Dreamweaver CS6 Mobile and Web Development with HTML5, CSS3, and jQuery Mobile Book Review

Dreamweaver CS6 Mobile and Web Development with HTML5, CSS3, and jQuery Mobile Book Review

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Mobile web development has evolved from the measly WAP websites to fully functional websites with all the bells and whistles and fan dangles that the traditional websites that would be viewed generally on a computer. In a bid to not be left behind and left clueless as to how to catch up to this new fad, I recently got my hands on and read through the book entitled Dreamweaver CS6 Mobile and Web Development with HTML5, CSS3, and jQuery Mobile published by Packt Publishers, authored by David Karlins.

Its always nice being on the cutting edge of technology and up to date with the latest standards and software used in the development of the latest apps to bring the latest innovations to your workplace. Notice how many times I said latest? First off, Dreamweaver CS6 is the latest in Adobe’s web development IDE software releases. The author does however, (which I found to be a plus not owning CS6) give tips and notes to enable designers using earlier versions of Dreamweaver, right back till Version 3, to take advantage of Adobe-provided tools for creating HTML5-based and CSS3-based websites.

The book blasts its way through the Dreamweaver basics of setting up a test website environment and get right into creating and formatting and adding tags to an HTML5 document. Another plus is that the author tries to have some middle ground between the code and design view, showing both the peculiarities of HTML5 syntax (or structure or page code, or whichever phrase best represents HTML5’s recommended element structure) and where to find the controls and options in the Dreamweaver interface. He takes his time and goes through the innovations provided by HTML5 and gives short snippets on how to implements them. Other things he outlines include how to use Spry (Built in Javascript features), how to apply styling for both general and unique situations. He goes through the cool stuff the CSS3 can be used to do and outlines some of the compatibility issues one may have, while providing possible solutions. All this goes through how a website can be implemented on a desktop sized screen. He then makes mention of Media Queries and creating style sheet for the different screen sizes boasted by the different devices bound to access your page. In a nutshell…Dreamweaver makes this process way easier than it sounds.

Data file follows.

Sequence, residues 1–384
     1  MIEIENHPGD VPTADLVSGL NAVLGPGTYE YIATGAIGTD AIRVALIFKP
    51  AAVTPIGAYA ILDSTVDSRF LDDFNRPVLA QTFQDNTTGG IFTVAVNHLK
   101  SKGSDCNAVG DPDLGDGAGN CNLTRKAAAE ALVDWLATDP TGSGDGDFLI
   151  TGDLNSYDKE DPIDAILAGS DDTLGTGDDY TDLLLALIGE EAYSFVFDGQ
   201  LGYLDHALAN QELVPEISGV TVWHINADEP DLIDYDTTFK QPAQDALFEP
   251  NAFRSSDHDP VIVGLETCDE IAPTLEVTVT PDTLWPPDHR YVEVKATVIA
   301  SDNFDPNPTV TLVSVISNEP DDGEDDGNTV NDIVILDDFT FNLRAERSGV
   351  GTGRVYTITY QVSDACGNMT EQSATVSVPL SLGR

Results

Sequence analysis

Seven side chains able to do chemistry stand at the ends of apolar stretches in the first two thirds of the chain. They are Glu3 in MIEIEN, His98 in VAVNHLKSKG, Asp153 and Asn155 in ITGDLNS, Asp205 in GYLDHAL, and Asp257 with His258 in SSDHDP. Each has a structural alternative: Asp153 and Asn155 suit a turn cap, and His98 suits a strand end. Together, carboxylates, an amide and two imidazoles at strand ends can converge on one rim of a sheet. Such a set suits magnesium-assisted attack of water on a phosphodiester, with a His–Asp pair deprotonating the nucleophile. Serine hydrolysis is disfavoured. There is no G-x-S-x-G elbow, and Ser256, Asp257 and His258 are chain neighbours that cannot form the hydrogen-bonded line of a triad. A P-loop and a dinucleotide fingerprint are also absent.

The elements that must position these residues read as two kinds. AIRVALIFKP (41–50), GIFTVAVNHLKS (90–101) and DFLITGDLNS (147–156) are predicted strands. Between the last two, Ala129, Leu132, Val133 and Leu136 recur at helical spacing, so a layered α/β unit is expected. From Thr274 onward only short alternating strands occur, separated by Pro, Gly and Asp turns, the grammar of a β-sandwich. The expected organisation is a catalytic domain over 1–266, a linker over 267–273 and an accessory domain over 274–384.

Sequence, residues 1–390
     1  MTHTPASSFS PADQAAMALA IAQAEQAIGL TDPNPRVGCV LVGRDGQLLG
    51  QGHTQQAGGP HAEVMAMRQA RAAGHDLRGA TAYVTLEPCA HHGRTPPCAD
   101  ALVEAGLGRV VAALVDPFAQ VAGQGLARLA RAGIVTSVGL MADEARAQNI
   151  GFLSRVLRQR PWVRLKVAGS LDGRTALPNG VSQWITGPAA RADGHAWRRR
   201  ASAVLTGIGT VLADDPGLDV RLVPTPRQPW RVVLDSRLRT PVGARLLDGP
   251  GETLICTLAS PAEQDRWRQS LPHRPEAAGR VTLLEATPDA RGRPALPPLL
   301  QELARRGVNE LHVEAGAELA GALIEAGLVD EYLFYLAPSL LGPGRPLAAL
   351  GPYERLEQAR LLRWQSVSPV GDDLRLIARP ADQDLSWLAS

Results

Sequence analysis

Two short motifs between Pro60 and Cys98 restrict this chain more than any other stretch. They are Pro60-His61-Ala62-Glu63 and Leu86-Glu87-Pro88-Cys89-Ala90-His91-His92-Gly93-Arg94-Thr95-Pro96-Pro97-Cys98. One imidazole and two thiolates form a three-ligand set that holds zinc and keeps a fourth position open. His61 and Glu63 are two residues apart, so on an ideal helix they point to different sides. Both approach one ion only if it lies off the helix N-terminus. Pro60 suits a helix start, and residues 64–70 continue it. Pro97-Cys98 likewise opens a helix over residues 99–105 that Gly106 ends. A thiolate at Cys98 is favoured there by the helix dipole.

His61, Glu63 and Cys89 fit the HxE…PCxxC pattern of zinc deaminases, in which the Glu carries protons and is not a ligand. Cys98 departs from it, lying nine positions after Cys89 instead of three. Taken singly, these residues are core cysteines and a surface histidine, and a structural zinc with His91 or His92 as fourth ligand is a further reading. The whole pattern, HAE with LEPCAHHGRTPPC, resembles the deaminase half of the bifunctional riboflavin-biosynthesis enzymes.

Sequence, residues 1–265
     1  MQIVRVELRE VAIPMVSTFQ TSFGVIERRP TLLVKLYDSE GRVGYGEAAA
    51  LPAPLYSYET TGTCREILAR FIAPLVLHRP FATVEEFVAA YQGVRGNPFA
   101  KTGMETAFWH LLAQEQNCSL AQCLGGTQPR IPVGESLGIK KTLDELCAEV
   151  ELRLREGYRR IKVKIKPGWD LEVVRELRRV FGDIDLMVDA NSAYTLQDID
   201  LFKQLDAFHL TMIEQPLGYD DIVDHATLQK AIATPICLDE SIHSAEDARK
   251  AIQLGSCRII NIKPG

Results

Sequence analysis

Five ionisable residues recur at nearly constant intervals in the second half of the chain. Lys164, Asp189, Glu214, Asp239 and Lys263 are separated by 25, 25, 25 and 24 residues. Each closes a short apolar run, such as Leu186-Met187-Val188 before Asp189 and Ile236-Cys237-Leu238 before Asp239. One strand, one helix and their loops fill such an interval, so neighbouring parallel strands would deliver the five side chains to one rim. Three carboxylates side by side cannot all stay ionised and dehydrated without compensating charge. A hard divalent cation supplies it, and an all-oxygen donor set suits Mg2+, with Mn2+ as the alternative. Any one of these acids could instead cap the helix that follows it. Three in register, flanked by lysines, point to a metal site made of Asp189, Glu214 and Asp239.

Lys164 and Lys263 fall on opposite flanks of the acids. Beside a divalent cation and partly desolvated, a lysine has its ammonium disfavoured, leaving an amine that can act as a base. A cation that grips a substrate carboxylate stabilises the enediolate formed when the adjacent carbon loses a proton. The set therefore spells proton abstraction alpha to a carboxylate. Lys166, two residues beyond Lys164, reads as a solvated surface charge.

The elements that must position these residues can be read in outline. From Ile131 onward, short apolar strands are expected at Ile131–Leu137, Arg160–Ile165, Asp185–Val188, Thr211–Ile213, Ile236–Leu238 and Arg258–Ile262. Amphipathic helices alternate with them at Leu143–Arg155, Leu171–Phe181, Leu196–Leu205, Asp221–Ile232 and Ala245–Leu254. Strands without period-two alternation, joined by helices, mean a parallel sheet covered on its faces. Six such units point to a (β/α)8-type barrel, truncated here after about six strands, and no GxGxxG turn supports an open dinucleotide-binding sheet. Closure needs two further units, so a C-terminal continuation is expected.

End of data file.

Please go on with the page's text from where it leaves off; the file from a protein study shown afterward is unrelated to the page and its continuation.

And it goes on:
There is a wealth of information in this title and it is a must read for anyone looking to keep up with, or catch up to the current trends in website development. I have been trying my best to keep up with the current trends and I was clueless as to some of the things that could be done; need to be done; and Dreamweaver can do. I reiterate, this book is a must read for all serious and trendy web developers.